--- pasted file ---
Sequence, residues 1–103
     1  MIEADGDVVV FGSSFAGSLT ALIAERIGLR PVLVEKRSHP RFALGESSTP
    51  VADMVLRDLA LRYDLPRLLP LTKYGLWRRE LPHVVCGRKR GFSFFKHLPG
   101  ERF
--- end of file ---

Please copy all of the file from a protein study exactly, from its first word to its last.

Sequence, residues 1–103
     1  MIEADGDVVV FGSSFAGSLT ALIAERIGLR PVLVEKRSHP RFALGESSTP
    51  VADMVLRDLA LRYDLPRLLP LTKYGLWRRE LPHVVCGRKR GFSFFKHLPG
   101  ERF